Dr Sarah Apetrei
Prof Sarah Mortimer
Early modern religious and political history
Born and raised in Canada, I completed a Bachelor of Arts in Humanities at Athabasca University with distinction, and a Master of Arts in Ecclesiastical History at Regent College. My thesis, supervised by Prof Bruce Hindmarsh, argues that the famous revivalist Jonathan Edwards (1703-1758) developed a system of virtue ethics under the influence of early modern British moral sense philosophers, such as Lord Shaftesbury (1671-1713) and Francis Hutcheson (1694-1746).
I am currently reading for the DPhil in Theology and Religion at Lincoln investigating the work of the Huguenot and philosopher Pierre Bayle in his original context and argue that his writings significantly influenced debates concerning religious toleration in early eighteenth-century England. I am a founding member and editor of the Journal of the Oxford Graduate Theological Society, and an acting President of the Oxford Graduate Theological Society. I have tutored for the Faculty of Theology in Early Modern Christianities and I am undergoing a project as a Research Assistant, exploring the newly discovered marginalia in the Mary Astell collection in Pepys Library in Cambridge, looking into Astell’s engagement with early modern French Cartesianism. I am also a doctoral fellow of the Social Science and Humanities Research Council of Canada.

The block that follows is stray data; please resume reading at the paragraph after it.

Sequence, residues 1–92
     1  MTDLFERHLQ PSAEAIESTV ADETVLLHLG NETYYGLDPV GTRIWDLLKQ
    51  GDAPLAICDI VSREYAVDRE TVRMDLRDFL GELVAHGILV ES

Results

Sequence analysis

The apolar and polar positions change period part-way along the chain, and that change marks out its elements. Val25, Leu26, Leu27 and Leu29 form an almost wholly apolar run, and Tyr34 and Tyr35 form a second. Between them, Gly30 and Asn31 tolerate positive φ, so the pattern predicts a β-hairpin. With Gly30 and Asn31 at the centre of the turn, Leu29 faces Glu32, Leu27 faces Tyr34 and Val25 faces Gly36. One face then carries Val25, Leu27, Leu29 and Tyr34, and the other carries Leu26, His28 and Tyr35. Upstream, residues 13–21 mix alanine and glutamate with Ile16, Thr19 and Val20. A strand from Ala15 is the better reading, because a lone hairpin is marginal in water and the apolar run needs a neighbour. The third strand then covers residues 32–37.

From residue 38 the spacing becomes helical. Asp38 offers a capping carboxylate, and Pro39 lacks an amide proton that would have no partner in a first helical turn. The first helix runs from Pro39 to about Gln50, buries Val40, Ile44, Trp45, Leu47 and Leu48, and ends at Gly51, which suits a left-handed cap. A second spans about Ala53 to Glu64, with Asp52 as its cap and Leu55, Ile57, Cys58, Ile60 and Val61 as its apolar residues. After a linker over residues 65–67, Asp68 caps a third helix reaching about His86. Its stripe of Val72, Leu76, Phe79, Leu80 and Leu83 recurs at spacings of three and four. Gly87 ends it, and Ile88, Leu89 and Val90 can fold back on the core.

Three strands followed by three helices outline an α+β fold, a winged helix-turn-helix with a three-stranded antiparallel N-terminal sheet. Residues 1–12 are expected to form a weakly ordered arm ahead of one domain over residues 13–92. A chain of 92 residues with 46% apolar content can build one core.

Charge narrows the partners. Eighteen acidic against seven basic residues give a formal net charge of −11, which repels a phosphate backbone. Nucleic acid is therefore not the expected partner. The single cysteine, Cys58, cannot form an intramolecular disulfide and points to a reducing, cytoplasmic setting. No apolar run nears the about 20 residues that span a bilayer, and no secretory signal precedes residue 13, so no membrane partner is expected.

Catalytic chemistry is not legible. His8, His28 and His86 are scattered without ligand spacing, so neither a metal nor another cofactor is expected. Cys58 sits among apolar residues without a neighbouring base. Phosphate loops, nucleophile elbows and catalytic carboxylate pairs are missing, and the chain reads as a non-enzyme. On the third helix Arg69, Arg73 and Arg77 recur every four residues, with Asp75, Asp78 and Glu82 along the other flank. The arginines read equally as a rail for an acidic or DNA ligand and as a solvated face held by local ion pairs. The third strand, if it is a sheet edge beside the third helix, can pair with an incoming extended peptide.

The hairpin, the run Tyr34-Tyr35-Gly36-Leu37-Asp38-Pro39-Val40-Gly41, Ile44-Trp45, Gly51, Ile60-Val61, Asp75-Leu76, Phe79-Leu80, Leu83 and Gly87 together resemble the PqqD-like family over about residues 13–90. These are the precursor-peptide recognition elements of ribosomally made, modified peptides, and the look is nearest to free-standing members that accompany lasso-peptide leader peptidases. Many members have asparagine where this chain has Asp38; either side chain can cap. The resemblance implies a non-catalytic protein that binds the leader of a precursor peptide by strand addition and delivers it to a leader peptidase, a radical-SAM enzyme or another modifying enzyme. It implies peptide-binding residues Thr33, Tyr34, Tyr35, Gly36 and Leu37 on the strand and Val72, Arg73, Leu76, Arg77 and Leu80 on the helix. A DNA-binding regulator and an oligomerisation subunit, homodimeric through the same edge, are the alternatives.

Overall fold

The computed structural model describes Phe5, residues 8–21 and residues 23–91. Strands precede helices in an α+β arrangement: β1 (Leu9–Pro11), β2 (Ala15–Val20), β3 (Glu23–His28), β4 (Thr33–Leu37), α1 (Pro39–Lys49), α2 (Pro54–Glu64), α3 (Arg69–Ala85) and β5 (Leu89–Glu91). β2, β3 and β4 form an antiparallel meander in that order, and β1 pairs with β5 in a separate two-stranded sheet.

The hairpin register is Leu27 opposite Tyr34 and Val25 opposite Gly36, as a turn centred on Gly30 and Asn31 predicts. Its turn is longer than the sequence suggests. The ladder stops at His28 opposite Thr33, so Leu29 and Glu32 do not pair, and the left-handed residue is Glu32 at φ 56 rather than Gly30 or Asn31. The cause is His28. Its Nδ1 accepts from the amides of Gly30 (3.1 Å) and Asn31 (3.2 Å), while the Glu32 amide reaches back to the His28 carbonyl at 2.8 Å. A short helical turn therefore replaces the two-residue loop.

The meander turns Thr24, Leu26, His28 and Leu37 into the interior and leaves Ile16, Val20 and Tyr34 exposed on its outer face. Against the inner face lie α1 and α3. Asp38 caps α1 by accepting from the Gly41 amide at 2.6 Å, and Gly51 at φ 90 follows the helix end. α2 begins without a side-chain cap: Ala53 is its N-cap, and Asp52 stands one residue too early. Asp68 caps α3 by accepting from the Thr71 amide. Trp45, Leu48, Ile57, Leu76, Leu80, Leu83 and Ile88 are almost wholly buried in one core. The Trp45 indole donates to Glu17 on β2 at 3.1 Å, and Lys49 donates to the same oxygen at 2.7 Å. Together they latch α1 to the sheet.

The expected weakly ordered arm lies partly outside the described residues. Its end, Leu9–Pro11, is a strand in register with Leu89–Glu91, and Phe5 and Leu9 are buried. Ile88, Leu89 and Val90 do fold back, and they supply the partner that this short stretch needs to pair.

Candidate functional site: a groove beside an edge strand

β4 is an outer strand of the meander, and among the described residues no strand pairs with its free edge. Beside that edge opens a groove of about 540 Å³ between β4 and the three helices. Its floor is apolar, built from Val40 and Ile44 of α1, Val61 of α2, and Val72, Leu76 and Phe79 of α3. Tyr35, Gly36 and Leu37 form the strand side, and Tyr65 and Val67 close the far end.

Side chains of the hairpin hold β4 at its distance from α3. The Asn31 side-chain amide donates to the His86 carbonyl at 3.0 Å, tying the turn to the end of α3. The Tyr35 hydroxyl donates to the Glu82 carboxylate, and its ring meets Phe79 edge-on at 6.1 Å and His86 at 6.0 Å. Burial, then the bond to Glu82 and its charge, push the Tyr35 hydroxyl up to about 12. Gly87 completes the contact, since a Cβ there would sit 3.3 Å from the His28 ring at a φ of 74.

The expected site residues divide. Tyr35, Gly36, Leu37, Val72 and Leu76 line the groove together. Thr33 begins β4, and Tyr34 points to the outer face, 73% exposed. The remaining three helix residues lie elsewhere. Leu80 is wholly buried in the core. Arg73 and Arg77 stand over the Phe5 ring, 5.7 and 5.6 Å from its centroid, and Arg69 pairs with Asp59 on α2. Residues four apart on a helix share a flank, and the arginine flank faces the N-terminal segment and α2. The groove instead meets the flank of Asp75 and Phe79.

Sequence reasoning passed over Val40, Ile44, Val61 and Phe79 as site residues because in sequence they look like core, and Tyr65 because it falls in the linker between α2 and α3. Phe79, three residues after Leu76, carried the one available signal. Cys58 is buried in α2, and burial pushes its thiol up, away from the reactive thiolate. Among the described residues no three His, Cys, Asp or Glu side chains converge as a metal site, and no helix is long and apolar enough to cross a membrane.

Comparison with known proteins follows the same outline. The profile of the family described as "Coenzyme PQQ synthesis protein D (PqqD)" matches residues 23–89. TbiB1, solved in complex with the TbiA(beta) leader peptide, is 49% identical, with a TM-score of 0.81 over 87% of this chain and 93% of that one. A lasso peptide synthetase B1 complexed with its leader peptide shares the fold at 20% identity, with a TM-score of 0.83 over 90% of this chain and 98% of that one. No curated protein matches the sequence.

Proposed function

My article in the History of European ideas, listed below: https://doi.org/10.1080/01916599.2021.1944266
“Pierre Bayle and Richard Simon: Toleration, Natural Law, and the Old Testament in Bayle’s Commentaire Philosophique,” History of European Ideas (July 2021)
“Le christianisme laïc de Pierre Bayle.” Dossiers des annales de droit (forthcoming, September 2021)
I am particularly interested in the relationship between religious thought and political ideas in the wake of the Protestant Reformation and how religious concepts concerning salvation, epistemology, and human nature influenced society and politics. I am also interested in applying these early modern concepts to contemporary debates in political philosophy about civility, freedom of conscience, freedom of speech, and freedom of assembly.